The Lowcountry joined the nation Friday in honoring recipients of America's oldest military decoration, whether earned by airmen, sailors or soldiers in Germany, Japan or Afghanistan.
Members of Beaufort's chapter of the Military Order of the Purple Heart, representatives of other chapters from across the state and more than 75 active-duty Marines gathered inside the Recruit Chapel at Marine Corps Recruit Depot Parris Island for an hour-long ceremony in observance of Purple Heart Recognition Day. The day was designed to "to remember and recognize those people willing to serve our country, no matter the price," according to the National Chapter of the Military Order of the Purple Heart.
Read at Friday's ceremony was a proclamation from Gov. Mark Sanford naming Aug. 7 "Purple Heart Recognition Day" in South Carolina, an honor befitting the sacrifice made by more than 60 Beaufort-area residents and more than 50 Marines currently stationed at Parris Island. A similar proclamation was made by Beaufort County Council Chairman Weston Newton and presented to Brig. Gen. Frederick Padilla, Parris Island's new commanding general.
In the presence of Purple Heart recipients from World War II, the Korean War and Vietnam, Padilla said those veterans served as the example for the Marines who graduate from the depot almost every week.
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"The young men and women of the Armed Forces today are completely sound. They're great Americans," he said. "So it's fitting that we take some time -- one day -- ... (for) those who understand what it means to sacrifice for something bigger."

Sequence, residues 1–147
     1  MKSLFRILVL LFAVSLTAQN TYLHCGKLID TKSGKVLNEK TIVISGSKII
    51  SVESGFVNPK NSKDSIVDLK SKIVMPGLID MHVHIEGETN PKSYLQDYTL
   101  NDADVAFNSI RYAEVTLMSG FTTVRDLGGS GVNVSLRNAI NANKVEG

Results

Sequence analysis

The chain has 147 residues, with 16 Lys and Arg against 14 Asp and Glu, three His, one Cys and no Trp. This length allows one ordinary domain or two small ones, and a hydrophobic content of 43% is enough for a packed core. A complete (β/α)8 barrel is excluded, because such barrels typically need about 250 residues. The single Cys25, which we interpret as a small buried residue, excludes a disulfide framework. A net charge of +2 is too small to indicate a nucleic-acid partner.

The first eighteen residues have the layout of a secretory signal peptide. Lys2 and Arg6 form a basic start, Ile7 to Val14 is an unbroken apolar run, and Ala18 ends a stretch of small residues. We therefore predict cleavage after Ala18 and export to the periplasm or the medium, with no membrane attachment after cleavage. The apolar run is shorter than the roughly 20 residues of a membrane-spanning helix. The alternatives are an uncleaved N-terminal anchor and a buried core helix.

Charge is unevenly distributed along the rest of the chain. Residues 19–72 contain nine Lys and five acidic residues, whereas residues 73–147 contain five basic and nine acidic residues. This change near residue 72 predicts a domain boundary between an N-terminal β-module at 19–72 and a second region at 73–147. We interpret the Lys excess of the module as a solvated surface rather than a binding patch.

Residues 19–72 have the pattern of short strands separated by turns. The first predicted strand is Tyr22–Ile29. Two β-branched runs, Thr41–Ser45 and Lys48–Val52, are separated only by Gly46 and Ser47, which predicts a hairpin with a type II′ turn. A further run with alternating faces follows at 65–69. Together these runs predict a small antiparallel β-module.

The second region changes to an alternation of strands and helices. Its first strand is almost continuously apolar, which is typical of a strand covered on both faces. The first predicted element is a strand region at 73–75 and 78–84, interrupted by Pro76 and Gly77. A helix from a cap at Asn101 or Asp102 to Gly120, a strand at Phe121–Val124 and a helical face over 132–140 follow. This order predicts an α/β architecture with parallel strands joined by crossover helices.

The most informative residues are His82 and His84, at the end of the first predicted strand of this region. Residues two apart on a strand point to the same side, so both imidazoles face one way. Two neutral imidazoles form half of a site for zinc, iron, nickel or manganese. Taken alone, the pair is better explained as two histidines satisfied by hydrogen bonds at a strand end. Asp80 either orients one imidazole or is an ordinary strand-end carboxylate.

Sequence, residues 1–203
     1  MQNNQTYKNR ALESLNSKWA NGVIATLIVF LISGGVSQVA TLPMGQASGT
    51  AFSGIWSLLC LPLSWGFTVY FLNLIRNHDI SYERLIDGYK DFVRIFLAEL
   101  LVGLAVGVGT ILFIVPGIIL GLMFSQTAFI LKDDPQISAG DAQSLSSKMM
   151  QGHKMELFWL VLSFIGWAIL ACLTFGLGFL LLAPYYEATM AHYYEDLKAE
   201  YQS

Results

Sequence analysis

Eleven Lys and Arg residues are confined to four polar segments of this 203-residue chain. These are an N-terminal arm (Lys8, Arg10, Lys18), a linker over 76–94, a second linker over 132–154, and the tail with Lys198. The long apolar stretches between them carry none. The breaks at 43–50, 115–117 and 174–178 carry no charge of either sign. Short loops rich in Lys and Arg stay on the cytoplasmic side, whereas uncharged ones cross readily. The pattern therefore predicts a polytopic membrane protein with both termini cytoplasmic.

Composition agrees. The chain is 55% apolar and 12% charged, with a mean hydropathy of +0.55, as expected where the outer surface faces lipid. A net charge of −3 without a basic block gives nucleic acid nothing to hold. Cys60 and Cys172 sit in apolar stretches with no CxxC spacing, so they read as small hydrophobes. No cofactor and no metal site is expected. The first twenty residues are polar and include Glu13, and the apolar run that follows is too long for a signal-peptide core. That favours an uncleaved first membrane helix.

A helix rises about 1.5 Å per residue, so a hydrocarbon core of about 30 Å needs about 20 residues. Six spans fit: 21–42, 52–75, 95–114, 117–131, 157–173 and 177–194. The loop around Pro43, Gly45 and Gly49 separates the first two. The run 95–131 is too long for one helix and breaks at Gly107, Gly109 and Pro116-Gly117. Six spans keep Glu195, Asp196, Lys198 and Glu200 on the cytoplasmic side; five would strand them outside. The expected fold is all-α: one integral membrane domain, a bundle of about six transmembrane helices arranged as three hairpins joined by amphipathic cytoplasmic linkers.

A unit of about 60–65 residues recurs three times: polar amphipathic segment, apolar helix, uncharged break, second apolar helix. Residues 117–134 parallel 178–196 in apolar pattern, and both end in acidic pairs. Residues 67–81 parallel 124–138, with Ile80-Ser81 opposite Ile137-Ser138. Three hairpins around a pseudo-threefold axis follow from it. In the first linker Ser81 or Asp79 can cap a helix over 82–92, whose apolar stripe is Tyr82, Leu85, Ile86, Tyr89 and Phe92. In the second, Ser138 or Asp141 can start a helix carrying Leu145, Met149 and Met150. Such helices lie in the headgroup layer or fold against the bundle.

The Purple Heart was created by Gen. George Washington in 1782 as the "Badge of Military Merit." Though never abolished, the medal was not awarded again until 1932 under President Herbert Hoover, who bestowed the honor upon Gen. Douglas MacArthur and more than 150,000 soldiers wounded or killed in combat during World War I. To date, 1.7 million American service members have received the Purple Heart, according to the National Chapter of the Military Order of the Purple Heart.
Although the day was largely aimed at honoring Purple Heart recipients in attendance, many at Friday's ceremony had their minds on recipients who were killed in combat.
"They were our buddies," said Glenn Blackburn, a Purple Heart recipient and Friday's master of ceremonies, his voice cracking. "Though their voices rest in silence, their spirits do not sleep."
Parris Island is also home to the Purple Heart Memorial, a five-foot tall monument made of black granite that bears the image of the medal itself, along with an excerpt from James Babbington Macaulay's poem "Horatius." Dedicated last August, the memorial is on Boulevard de France, near the parade deck and next toa monument honoring the depot's drill instructors.